Noom’s rise comes at a time when celebrities and corporations alike are spreading a positive message about body and weight inclusion – to love yourself as you are. Today’s weight loss companies have recognized this. Gone are obesity-disgraceful advertisements showing people holding a pair of jeans before losing weight. Noom Marketing talks about daily doses of self-care and being the leader of your own life. The app encourages users to change their relationship to food by setting goals, identifying emotional triggers related to eating, and (yes) holding themselves accountable by recording what they eat and their weight each day.

Weight training: Noom is the latest in a long history of dieting fads

WW follows a similar approach. Last fall, it introduced myWW+, a customized app-based program that combines meal planning tools with features that address weight loss by looking at sleep, mindset, and physical activity. “We are a behavior change company, and weight is the end point,” said Chief Scientific Officer Gary Foster. He tries to find the thread of the needle in the same way. “This is holistic. It’s not just about what you lose, but what you find along the way,” says Swathi Prithvi, Co-Founder and COO, Swathi Prithvi. In other words, by promising to transform users’ lifestyles (rather than just their bodies), Companies remain on the right side of the body positivity movement.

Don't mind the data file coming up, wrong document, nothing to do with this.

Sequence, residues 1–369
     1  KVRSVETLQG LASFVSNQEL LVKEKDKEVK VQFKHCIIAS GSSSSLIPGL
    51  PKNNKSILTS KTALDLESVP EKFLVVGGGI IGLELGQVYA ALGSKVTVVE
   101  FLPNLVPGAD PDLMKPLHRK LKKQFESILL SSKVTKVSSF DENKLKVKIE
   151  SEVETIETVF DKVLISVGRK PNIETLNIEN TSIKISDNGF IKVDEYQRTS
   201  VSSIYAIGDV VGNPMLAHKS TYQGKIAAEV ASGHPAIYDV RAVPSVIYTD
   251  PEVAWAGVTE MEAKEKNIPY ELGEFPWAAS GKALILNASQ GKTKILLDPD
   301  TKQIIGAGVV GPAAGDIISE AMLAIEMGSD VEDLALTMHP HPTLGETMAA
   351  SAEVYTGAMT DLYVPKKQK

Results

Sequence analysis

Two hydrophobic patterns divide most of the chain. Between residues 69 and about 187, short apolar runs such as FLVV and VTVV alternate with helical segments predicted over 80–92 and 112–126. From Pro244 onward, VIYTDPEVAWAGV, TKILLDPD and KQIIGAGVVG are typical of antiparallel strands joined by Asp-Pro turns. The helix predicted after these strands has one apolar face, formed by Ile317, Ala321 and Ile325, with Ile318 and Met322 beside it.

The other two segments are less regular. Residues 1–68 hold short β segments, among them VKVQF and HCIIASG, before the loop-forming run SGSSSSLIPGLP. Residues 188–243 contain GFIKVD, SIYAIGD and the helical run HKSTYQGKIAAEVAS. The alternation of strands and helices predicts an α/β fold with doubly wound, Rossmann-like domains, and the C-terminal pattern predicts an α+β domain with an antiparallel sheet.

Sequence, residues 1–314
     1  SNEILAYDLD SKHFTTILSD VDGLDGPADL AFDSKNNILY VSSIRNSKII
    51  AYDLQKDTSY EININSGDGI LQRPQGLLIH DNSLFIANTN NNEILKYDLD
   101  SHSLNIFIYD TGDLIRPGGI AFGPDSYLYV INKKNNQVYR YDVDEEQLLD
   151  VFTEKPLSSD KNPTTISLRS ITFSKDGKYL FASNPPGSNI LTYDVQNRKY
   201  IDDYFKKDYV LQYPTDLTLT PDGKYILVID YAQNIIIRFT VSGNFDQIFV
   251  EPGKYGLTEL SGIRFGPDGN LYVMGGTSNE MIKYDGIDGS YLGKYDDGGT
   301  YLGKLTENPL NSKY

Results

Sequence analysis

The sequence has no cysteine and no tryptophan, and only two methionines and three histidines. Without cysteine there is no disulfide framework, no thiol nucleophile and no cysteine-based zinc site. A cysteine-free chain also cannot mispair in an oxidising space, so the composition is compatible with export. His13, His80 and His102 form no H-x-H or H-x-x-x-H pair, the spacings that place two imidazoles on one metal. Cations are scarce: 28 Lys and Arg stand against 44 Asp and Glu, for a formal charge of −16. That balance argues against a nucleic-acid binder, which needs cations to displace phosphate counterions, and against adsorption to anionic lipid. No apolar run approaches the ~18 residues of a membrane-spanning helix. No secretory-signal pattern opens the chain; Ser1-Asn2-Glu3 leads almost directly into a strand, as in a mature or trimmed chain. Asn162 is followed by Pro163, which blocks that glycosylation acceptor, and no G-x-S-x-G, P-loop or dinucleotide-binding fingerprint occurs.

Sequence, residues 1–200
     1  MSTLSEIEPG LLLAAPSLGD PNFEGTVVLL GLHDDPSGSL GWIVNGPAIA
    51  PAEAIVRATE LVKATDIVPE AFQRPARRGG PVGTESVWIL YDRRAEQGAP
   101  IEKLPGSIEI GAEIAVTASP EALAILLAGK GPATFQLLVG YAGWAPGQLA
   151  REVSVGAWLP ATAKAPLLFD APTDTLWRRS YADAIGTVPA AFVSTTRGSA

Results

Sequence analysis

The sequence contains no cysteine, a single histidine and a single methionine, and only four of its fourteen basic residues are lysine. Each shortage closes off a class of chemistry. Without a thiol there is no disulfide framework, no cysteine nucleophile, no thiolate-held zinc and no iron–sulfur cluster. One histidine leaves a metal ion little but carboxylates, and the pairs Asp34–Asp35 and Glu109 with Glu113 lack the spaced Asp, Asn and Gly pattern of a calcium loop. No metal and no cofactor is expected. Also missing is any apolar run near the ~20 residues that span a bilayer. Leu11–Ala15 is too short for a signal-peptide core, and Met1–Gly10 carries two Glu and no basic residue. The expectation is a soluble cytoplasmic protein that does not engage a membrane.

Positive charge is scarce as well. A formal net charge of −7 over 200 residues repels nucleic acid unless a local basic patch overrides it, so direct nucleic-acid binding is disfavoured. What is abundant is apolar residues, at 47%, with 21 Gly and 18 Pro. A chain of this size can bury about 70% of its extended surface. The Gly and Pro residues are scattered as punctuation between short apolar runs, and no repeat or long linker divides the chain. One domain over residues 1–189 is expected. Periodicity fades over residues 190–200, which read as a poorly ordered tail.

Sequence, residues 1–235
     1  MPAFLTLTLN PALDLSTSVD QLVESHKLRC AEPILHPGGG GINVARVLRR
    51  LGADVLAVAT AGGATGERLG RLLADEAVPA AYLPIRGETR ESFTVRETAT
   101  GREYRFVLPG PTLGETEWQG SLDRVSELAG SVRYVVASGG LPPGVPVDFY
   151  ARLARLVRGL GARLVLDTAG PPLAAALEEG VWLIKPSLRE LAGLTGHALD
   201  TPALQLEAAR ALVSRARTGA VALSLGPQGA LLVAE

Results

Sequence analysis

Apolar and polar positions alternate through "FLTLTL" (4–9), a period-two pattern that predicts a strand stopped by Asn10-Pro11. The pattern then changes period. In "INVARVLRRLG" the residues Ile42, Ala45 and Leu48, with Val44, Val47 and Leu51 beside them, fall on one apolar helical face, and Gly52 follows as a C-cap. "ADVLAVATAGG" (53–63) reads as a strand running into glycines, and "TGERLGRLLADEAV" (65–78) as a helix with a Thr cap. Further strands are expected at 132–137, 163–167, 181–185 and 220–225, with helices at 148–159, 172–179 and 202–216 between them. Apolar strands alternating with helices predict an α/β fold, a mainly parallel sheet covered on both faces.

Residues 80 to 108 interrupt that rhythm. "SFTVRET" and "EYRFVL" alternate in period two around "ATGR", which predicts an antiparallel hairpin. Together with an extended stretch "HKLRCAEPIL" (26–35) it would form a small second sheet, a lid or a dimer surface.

In the meantime, customers have to pay—regularly. Noom subscriptions start at a monthly price of about $65, while a WW digital membership starts at $21.95 a month. Finding costs an average of $100 a month, including medication. Each year, nearly half of all American adults diet. Only 5% of them managed to maintain the weight. Corporate profits lose weight regardless.

As much as these companies try to distance themselves from the idea of ​​calorie restriction, that’s ultimately what they’re selling. When Snoder started using Noom, he was told he could eat whatever food he wanted — as long as it stayed within 1,400 calories a day, or just over half the recommended calories for an adult man, according to the United States Department of Agriculture. In WW, users are no longer asked to specifically count calories, but are given daily goals, with a number assigned to each portion of food based on the number of calories and nutritional value. Found and Calibrate, another telehealth startup that offers both medical consultations and prescription medications. But until they end up in the same place: meal logging and restrictive diets (albeit those supervised by doctors).

The problem is not that these companies rely on dieting to get people to achieve their goals. The thing is, the wellness-focused marketing they’ve embraced can be misleading — and worse. Konasun and other eating disorder experts note that Nome chose the language of eating disorder recovery, using terms such as “conscious eating” and “anti-dieting.”